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class code: SPS22 teacher: Mr. Elert
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Physics A: Problem Set 6: Electric Current

recommended reading

Barron's Let's Review: 9.2–9.3 Electric Current
physics.info: Electric Current
Wikipedia: Electric current, Ampere

classwork

  1. The magnitude of the electric field needed to produce a spark in air (its dielectric strength) is about 3 × 106 V/m. As Benjamin Franklin showed in his famous experiment of 15 June 1752, lightning is basically a very, very large spark. A good sized bolt could travel 1 km and transfer 1000 C of charge in half a second.
    1. What voltage is needed to make a typical lightning bolt?
    2. How much current flows along its jagged path?
    3. How much energy does it deliver?
    4. What is the power of a lightning bolt?
    5. Movie trivia question: Could you power a "flux capacitor" with a lightning bolt and go Back to the Future?
    1. Just look at the units and figure it out. This is formally known as dimensional analysis.

      V = Ed
      V = (3 × 106 V/m)(1000 m)
      V = 3 × 109 V
    2. Use the definition of current.

      I = ∆q/∆t
      I = (1,000 C)(0.5 s)
      W = 2,000 A
    3. Use the definition of voltage rearranged to make work (or energy) the subject.

      W = qV
      W = (1000 C)(3 × 109 V)
      W = 3 × 1012 J

      If you know where to find them, there are other equations that work.

      E = VIt
      E = (3 × 109 V)(2000 A)(0.5 s)
      E = 3 × 1012 J
    4. Use the definition of power.

      P = E/t
      P = (3 × 1012 J) ÷ (0.5 s)
      P = 6 × 1012 W

      Once again, if you know where to find them, there are other equations that work.

      P = VI
      P = (3 × 109 V)(2000 A)
      P = 6 × 1012 W
    5. There are two types of acceptable answer to this question.

      • Yes, since 6 TW ≫ 1.21 GW.
      • No, since there is no such thing as a flux capacitor or a time machine. Back to the Future is not a documentary. It's science fiction.
  2. An average human brain has a power consumption of about 20 W.
    1. How much current flows within the brain as its neurons switch from resting potential (−70 mV) to action potential (+40 mV)? Hint: a watt is a joule per second, a volt is a joule per coulomb, and an ampere is a coulomb per second.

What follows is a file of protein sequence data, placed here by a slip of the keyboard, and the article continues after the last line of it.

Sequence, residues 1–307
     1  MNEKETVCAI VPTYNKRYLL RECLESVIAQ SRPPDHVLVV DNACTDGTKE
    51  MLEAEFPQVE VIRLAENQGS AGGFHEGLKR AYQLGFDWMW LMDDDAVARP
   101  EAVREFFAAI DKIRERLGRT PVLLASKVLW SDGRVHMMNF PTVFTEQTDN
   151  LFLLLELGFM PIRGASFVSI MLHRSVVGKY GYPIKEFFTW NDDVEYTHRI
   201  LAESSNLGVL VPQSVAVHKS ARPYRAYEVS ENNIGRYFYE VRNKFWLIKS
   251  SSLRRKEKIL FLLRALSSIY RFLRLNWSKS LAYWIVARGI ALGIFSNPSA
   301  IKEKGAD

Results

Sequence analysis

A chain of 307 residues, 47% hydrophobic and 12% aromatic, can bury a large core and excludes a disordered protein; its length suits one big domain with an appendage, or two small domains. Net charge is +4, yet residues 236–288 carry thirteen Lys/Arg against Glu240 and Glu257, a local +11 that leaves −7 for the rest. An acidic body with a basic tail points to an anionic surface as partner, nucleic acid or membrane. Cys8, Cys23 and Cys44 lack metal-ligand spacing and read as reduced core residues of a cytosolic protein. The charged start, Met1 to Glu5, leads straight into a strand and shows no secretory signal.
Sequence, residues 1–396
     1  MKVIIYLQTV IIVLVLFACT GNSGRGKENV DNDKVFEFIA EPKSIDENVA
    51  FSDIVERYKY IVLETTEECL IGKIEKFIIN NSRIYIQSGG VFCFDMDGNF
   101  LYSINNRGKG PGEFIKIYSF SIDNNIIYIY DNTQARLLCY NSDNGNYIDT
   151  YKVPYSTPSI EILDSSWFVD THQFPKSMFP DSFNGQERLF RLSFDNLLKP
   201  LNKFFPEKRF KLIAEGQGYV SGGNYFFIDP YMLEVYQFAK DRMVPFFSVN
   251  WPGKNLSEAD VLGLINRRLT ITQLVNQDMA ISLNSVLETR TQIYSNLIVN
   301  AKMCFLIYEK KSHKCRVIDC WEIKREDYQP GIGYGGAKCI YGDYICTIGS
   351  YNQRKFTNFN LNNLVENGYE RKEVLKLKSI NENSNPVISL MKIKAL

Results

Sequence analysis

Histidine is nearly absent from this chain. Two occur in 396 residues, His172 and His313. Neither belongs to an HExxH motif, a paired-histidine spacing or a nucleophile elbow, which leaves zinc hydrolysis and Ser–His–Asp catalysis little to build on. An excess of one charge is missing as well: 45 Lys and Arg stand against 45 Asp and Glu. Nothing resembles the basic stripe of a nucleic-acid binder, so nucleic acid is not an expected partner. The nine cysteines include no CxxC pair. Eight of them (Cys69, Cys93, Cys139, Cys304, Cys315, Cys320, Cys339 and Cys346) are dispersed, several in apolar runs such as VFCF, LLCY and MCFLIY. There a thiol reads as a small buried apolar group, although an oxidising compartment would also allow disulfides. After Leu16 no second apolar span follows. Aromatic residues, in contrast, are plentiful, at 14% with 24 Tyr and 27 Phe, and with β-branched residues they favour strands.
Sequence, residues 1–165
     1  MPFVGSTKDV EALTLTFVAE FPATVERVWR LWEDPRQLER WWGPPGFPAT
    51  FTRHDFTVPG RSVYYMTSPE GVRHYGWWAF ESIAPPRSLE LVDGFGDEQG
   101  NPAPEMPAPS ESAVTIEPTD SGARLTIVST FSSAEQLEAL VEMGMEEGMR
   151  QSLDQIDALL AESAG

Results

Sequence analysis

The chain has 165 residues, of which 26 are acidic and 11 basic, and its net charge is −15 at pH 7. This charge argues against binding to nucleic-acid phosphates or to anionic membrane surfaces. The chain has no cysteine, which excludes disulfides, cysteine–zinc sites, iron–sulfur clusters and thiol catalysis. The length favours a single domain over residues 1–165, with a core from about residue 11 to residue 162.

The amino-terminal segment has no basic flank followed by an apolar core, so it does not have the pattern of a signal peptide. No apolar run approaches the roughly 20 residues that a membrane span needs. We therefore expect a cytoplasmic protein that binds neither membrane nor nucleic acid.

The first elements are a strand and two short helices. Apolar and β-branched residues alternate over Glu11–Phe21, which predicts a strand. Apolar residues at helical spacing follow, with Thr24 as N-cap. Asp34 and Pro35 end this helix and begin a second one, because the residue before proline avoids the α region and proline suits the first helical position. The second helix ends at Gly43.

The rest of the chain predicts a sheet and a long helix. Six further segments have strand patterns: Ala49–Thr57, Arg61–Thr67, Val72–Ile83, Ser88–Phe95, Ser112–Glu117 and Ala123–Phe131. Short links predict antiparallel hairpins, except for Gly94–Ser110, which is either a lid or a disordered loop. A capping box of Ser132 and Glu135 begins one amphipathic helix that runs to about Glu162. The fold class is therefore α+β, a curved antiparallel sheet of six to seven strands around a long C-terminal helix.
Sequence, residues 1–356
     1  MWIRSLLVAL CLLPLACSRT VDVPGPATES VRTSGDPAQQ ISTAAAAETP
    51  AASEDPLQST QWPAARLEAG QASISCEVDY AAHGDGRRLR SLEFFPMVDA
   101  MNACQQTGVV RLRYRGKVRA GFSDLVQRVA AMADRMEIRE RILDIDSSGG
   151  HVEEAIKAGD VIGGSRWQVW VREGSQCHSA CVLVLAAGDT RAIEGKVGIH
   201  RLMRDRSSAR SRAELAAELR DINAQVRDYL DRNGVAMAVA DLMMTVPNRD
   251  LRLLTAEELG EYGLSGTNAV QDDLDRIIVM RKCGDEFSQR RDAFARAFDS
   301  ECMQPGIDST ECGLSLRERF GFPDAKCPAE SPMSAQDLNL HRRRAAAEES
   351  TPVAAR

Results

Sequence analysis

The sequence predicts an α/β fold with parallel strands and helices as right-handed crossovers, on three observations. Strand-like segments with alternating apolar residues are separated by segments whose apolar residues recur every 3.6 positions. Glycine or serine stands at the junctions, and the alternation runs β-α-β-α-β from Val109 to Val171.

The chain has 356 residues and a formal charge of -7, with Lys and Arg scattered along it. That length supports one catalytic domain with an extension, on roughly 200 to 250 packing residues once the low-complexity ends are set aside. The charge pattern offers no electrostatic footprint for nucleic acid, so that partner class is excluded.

2. Would you blow a fuse if you wired your brain into a 20 A circuit in a typical North American home?
    3. Movie trivia question: Could you power The Matrix using humans as batteries?
    1. It's time to play the dimensional analysis game. A watt is a joule per second, a volt is a joule per coulomb, and an ampere is a coulomb per second. This means an amp is a watt per volt and current is power over voltage.


      C  =  J/s
      s J/C

      A  =  W
      V
        I  =  P  
        V  

      Remember that the potential difference is what matters, not the potential. Also remember that mV stands for millivolt, which is 0.001 V.

      I = P/V
      I = (20 J/s)/(0.110 J/C)
      I = 182 C/s
      I = P/V
      I = (20 W)/(0.120 V)
      I = 182 A
    2. There are two types of acceptable answer to this question.

      • Yes, since 182 A ≫ 20 A.

      • No, since brains don't (and can't) make use of the current coming out of an outlet. A brain is not a piece of electrical equipment.

    3. No. Absolutely not. Your brain isn't a source of energy like a battery. It uses the chemical energy from the food we eat to keep itself running. It needs all of that energy. It doesn't have any extra leftover to run a planet-wide computer system or power an army of machines. Morpheus lied to Neo.

homework

  1. Does more electric charge flow out of a battery or into a battery when it is in use? What about when it is being recharged? Explain your reasoning.